The little herb garden in the kitchen

Even if the sun already spoils us with beautiful, warm days in March, it is still too early to plant herbs in the garden because it still can get very cold at night.

If you can't wait, plant your own little herb garden in the kitchen. For those without gardens, the herb pots can later be moved outside to the windowsill. Here are the most popular herbs and their benefits.

Various herbs on the kitchen windowsill


Basil, which originally comes from India, traditionally makes for a delicious flavor combination with tomatoes. It is indispensable in such dishes as tomato with mozzarella and gives the Italian classic dishes their special flavor. The essential oils of basil are said to help with digestive problems and to relieve migraine and insomnia. Few do not like the fragrance and the mildly spicy taste of basil. Wasps, however, are deterred by basil's essential oils. This is why the pests can be driven out by a bunch of basil on the garden table.


In ancient times, sage had a reputation for giving eternal life. Today, sage is particularly well known as a remedy for colds. In fact, it keeps many pathogens away from us by inhibiting the growth of viruses, bacteria and fungi. At the same time, it has an antispasmodic effect on the bronchi and digestive system. But sage can do much more. It also gives meat and fish dishes an unmistakable flavor and a special taste highlight.

Lemon balm

Even the mild lemon scent, which sticks to our fingers when we gently rub the leaves, brings a smile to our faces. A unique mix of essential oils in lemon balm brings about this feeling of spontaneous enjoyment and its healing effect on our nervous system. The essential oils have a relaxing, antispasmodic and restorative influence, and are even said to promote learning memory. The lemon balm leaves are particularly suitable for fine desserts and refreshing drinks. But salads, fish and meat dishes also taste delicious with lemon balm.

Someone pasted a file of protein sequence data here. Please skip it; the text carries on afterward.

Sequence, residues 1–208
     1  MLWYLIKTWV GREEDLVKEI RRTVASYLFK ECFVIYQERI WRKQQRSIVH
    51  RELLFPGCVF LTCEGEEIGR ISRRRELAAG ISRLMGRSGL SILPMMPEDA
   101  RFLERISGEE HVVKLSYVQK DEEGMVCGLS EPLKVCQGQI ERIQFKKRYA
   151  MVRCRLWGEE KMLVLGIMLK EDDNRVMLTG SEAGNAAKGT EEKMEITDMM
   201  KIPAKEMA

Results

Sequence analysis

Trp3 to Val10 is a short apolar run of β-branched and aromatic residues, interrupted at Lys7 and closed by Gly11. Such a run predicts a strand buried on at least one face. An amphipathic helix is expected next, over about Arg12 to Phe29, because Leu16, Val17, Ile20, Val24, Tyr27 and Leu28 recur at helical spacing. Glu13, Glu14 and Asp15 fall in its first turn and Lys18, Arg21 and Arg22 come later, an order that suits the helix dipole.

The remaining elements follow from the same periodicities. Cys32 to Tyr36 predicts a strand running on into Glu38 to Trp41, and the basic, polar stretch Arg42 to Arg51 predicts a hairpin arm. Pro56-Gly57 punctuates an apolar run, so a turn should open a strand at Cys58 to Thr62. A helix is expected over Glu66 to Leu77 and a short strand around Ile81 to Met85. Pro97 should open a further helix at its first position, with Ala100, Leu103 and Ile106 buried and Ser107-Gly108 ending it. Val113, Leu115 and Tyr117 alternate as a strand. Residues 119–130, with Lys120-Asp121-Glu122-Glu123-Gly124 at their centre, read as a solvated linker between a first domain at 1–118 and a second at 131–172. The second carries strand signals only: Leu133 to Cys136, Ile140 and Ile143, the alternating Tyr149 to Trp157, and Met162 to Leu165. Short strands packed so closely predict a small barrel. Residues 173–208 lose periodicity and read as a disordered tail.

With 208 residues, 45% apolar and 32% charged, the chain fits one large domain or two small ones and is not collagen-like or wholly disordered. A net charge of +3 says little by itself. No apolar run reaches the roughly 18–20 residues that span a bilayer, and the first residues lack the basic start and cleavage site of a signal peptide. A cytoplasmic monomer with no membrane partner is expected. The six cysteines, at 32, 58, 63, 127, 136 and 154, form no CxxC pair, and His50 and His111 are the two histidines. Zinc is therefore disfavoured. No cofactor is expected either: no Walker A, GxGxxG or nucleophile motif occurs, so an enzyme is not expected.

Parsley -- unfortunately often relegated to decoration -- is among our healthiest local herbs. Almost the entire range of vitamins can be found in parsley: Vitamin A, vitamins B1 to B6, B12, vitamin C, beta-carotene, folic acid and vitamin K. It also provides minerals such as calcium, magnesium and potassium. Parsley supports digestion, stimulates bladder activity, invigorates the mind and helps against springtime fatigue. Parsley can be widely used. Important: Always add to cooked food at the end because the heat destroys parley's benefits and scent.


Once upon a time, bouquets of thyme were tied as lucky charms to the lance of the knights before the tournament, because the small plant represented courage and strength. Thyme owes its healing power to the essential oil thymol, which has an antispasmodic and antibacterial effect. This makes the herb an ideal remedy for stubborn, hacking coughs. The plant only achieves its full effect when harvested in bloom and then dried quickly and gently. There is hardly a dish in the kitchen that does not go well with thyme. Even the flavor of ice cream and fresh fruit can be improved with the herb.

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